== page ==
Protesting a Funeral

I accidentally stepped into the middle of a news story today. On my lunch break, I had an errand to run, and I drove down Franklin Rd. As I passed the Woodmont church, I saw about 200 people with flags. I figured it was possibly a homecoming of some kind. Come to find out, Westboro Baptist Church (WBC) was protesting at the funeral of a fallen soldier, and supporters had come to overshadow the protests. Click here for the local news story and video.

I have meant to write about this group before. They certainly elicit a reaction. Since I unknowingly witnessed the response to their protest, now is probably a good time to do so.

Let me start off with a brief, positive word. I appreciate the willingness to take a stand. Certainly the protesters encounter severe opposition, but they continue in their convictions. It is not often that sin is denounced in the world, and I would like to stand behind their message. I would like to, but I simply can’t. Despite what might be good intentions, their message is grossly misguided.

There is an element of truth in their message. God does hate sin. This country (and every country) needs to wake up and repent of their sins. Our relationship to God is something that we should take seriously. Judgment will indeed come, and we should do everything that we can to be ready when it comes.

WBC believes that God is punishing this country for their sins. If I understand them correctly, the deaths of soldiers serve as a sign of judgment against this nation for the sins of homosexuality, abortion and the like.

It is true that God can bring judgment against a nation. The OT testifies to God’s Sovereignty over world powers. God can humble the mighty nation as he chooses. But, it is presumptuous to speak with certainty about what serves as God’s judgment today. While it is God’s prerogative to test, discipline and punish individuals and nations, God will carry out his will in his own time. It would be foolish to suggest that we know with any degree of certainty that we know how, when and why God brings judgment today. We know that God is the judge, and that final and ultimate judgment will come, but beyond this is mere speculation.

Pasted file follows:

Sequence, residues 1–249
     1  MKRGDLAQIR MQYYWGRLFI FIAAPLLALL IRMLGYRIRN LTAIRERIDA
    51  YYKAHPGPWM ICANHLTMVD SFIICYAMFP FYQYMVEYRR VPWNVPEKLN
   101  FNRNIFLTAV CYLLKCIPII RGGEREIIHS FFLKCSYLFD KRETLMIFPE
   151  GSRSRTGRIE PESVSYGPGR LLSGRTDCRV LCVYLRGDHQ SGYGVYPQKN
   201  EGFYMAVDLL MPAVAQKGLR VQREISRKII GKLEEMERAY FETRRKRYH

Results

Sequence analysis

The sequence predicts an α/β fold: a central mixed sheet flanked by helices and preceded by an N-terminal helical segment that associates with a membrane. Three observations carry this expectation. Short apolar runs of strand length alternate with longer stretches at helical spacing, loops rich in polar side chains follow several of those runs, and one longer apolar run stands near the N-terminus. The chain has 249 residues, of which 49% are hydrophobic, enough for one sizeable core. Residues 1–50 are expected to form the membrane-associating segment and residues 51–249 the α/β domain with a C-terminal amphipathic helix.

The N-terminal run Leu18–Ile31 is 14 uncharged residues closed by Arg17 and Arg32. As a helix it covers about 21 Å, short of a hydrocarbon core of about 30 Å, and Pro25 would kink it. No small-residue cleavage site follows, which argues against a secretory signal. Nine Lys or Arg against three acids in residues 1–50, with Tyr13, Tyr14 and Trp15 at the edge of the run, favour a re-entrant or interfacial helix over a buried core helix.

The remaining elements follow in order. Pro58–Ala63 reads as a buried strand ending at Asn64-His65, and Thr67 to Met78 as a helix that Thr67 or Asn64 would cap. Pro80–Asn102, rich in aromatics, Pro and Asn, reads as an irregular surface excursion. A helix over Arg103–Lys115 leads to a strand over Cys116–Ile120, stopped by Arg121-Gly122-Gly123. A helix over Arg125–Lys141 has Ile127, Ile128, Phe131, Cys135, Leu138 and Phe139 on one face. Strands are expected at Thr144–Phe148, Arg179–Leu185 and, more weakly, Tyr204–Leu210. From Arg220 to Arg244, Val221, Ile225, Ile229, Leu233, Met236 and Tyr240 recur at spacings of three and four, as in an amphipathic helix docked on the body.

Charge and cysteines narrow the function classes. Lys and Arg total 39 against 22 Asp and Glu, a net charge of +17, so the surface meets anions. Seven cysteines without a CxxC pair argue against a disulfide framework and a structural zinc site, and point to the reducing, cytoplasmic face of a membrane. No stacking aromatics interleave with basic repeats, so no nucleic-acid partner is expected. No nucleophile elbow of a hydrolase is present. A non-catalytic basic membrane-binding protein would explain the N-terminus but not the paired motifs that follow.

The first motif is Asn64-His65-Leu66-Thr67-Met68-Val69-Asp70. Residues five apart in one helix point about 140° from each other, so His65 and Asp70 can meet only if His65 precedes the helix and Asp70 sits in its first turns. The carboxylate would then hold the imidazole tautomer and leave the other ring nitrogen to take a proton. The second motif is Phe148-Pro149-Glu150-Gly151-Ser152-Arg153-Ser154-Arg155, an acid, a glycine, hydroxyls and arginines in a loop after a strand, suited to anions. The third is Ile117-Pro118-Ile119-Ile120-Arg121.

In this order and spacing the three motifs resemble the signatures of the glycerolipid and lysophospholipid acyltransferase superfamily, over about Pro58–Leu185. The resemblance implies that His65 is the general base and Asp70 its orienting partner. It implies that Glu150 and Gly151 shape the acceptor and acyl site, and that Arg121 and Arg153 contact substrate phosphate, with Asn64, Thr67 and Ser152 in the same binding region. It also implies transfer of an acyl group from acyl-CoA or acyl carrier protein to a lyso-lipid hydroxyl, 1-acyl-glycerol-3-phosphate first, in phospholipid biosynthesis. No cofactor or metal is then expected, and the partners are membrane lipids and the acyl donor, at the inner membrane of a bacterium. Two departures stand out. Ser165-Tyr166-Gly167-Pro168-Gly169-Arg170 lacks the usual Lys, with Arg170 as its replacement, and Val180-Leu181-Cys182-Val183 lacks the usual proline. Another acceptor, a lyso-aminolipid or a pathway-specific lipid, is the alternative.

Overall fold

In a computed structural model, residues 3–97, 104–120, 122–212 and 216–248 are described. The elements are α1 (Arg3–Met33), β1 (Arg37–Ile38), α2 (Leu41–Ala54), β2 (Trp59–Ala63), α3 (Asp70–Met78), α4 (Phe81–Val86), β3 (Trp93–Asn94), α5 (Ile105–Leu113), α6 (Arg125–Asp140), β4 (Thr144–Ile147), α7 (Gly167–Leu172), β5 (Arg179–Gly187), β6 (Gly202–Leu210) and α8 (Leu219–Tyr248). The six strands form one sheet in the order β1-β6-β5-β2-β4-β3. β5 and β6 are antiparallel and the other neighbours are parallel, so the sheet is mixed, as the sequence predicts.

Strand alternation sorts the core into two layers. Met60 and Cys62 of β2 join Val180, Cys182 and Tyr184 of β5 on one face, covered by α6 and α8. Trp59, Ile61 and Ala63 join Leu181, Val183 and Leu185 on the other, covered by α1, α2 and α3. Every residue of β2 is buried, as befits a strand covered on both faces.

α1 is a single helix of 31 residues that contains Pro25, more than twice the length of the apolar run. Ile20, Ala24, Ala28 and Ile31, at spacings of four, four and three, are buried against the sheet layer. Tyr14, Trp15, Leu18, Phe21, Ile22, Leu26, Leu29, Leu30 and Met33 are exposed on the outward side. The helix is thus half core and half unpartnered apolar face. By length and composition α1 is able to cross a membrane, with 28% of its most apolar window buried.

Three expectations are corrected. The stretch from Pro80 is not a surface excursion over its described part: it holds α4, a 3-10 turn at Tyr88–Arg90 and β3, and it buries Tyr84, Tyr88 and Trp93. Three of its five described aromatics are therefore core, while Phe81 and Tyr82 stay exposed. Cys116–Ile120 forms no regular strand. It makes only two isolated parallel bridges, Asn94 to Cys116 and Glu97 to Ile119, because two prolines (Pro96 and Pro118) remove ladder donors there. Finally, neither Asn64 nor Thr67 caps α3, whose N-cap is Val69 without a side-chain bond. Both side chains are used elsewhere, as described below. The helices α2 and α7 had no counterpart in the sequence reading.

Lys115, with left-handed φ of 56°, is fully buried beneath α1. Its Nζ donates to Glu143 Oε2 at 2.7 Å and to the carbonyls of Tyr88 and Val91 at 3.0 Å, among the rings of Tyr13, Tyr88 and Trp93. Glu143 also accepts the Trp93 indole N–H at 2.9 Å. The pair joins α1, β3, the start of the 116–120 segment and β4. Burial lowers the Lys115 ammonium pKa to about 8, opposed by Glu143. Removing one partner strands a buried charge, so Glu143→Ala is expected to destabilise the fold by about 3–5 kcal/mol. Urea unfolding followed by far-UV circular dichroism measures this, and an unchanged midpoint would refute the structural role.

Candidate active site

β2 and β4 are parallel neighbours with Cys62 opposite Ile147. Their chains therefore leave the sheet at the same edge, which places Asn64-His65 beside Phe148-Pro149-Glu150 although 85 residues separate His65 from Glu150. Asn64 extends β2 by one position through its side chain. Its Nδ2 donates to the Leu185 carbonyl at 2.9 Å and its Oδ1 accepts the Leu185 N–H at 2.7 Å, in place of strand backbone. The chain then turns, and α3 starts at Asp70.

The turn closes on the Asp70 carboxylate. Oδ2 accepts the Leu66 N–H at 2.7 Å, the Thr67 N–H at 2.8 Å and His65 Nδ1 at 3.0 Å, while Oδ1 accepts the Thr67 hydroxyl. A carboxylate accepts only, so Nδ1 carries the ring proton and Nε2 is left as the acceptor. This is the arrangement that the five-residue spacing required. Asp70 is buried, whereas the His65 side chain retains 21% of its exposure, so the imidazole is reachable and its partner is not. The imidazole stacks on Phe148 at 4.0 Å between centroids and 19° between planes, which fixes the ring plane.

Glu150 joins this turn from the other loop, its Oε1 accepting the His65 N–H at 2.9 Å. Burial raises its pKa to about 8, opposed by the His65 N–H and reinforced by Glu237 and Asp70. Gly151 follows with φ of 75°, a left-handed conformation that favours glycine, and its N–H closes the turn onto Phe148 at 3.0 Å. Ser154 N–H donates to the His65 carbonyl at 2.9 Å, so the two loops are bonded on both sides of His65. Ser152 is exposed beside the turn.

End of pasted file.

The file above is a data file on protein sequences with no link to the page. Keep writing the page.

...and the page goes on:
Not only is the WBC teaching flawed, their method and manner are lacking. There are times for sharp rebukes, but there are also times for gentle and loving responses. There are times when people simply need compassion and care, especially in times of pain and sorrow. The WBC seems to intentionally use inflammatory signs to spread their message. Their approach tends to harden people rather than building relationships and opening hearts to hear a message.

So, as a Christian, what should my response be to this group of professing Christians who act in this way? My answer to that would be to practice what we preach. As much as possible, they should be treated with love and kindness. If we fault them for lacking love in their approach, it is hypocritical to respond to them in like kind. How you do that, I’m not sure. It does not demand that you allow them to run over you, but neither should you run over them. It starts with at least treating them like other human beings. Threats of violence and expressions of hatred toward them are unacceptable. Yes, they seem to beg for retaliation, but Christians cannot respond in such manner. Other than that, I am at a loss. I’m left shaking my head that this is an interpretation of Christ’s message, and I’m left praying to God in the midst of such a mess.

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3 Responses to Protesting a Funeral

  1. sheahenj says:

    Interesting. Kind of reminds me of WNBA players recent tweet about the Japan tsunami. “What if God was tired of the way they treated their own people in there own country! Idk guys he makes no mistakes,” No matter how much we want to try to decipher why things happen we just won’t know. We cannot assign specific interpretations to tragic events even if it does make us feel better. That is probably why people do this sort of thing. Something doesn’t make sense, such as the death of a solider or a destructive tornado, and we want to understand. So we quickly try to point the finger to make ourselves feel better. Too often that finger points people or even turns people away from God.

    • Jeremy says:

      Good points, Jonathan. It is true that we just don’t know. Another thought that occurred to me as I read your comment is that the finger pointing is almost always directed at others (at least as I have heard it used today). We rarely endure hardship and automatically assume God is punishing “us.” You don’t hear people who have a fire burn down their house or get into a fender bender argue that that was God’s judgment.

  2. Pingback: Top 11 Posts from 2011 | Theological Sweets

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